The faults of the current subsidy system The UK’s Renewable Obligation system pays qualified generators for the electricity they generate. The incentive is valuable and roughly doubles the wholesale price that they receive. (The system will soon be changed to vary the amount of subsidy according to the type of technology used.) It applies to large generators and to small. So the solar photovoltaic panels on my roof attract a payment of about £46 per megawatt hour, about the same as a wind farm. To become Generator 1274 on the UK’s national electricity distribution system I had to fill in complex forms almost identical to those that will used by the 300-turbine London offshore array.
The Conservatives rightly say that this is intolerably complex. But they fail to point out that the regulator Ofgem now allows the electricity distribution companies to act as the agents of householders. This hugely simplifies the requirements on tiny generators. The distribution companies also handle the installation of the meters necessary to record the power exported into the street by my solar panels.
Getting planning permission was wearisome. However, most local councils now allow micro-generation installations without requiring full planning applications.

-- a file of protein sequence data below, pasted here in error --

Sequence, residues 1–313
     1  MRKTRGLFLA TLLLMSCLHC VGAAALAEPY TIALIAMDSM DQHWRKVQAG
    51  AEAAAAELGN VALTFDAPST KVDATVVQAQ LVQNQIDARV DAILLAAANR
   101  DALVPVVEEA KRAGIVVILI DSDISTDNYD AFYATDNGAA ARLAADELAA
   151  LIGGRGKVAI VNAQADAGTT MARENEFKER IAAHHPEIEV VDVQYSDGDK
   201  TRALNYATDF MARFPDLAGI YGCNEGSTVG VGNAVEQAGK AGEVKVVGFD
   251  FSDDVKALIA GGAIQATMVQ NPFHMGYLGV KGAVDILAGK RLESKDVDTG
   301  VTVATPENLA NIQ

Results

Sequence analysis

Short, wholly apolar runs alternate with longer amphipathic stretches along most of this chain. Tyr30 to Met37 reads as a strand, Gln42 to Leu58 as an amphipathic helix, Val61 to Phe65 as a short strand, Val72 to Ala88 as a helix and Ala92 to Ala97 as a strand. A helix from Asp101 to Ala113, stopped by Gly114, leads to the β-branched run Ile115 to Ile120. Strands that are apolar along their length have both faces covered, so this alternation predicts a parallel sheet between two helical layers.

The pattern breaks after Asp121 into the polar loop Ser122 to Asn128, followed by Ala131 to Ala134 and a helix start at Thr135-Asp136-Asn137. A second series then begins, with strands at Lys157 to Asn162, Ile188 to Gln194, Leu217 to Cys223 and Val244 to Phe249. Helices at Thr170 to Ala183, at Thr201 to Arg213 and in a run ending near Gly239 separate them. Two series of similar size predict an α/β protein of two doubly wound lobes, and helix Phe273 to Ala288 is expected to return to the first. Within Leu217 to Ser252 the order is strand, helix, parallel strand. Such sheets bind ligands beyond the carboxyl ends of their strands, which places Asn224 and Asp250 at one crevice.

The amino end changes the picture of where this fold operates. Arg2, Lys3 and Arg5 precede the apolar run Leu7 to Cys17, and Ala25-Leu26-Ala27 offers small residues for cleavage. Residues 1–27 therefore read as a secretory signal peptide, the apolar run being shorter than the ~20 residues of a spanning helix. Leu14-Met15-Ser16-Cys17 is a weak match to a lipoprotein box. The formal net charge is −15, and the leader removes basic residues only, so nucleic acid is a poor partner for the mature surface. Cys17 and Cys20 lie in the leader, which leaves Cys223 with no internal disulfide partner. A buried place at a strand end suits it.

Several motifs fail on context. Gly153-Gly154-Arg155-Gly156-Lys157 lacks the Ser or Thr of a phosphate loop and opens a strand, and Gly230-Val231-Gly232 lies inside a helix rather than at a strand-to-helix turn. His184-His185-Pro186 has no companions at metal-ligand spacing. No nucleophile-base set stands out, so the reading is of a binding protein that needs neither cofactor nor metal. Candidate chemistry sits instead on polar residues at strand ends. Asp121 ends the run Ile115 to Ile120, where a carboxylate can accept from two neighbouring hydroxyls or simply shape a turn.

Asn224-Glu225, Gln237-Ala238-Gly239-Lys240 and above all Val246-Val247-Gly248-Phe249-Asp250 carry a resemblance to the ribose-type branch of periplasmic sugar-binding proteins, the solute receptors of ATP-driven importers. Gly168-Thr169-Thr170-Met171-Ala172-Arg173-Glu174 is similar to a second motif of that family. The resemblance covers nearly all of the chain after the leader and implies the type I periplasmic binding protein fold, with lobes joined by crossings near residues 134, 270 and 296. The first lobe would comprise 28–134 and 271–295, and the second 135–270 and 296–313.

In effect, there are now no significant obstacles to local generation, except those imposed by the poor financial returns.
The Conservative plans for domestic microgeneration The Tories intend to replace the Renewable Obligation with feed-in tariffs for small generators. At the moment, I get paid £45 per MWh for my exported electricity, roughly the current wholesale rate. So for Scottish and Southern, the purchasers, my electricity costs roughly the same as the price it pays to Drax. But it bears some considerable overhead cost, so the payment to me is extremely generous.
If a Conservative government adopted the German feed-in rate, I would be paid £350 per MWh. This would be very nice, but highly uneconomic to Scottish and Southern. The International Energy Agency’s 2007 report on Germany says as follows:
The country’s feed-in tariff for renewables has resulted in rapid deployment of new electricity capacity, but has done so at a high cost. Estimates show that between 2000 and 2012, the feed-in tariff will cost EUR 68 billion in total [over £4bn a year]. In particular, the subsidies provided to solar photovoltaics are very high in relation to output; they will eat up 20% of the budget but contribute less than 5% of the resulting generation. In comparison, many energy efficiency measures cost multiples less in terms of their reductions in carbon dioxide emissions. The feed-in tariff has been a success at building renewable electricity capacity in the country, and we now urge the government to focus on creating sustainable market pressure to bring down the costs of operating and further developing its renewable energy resources.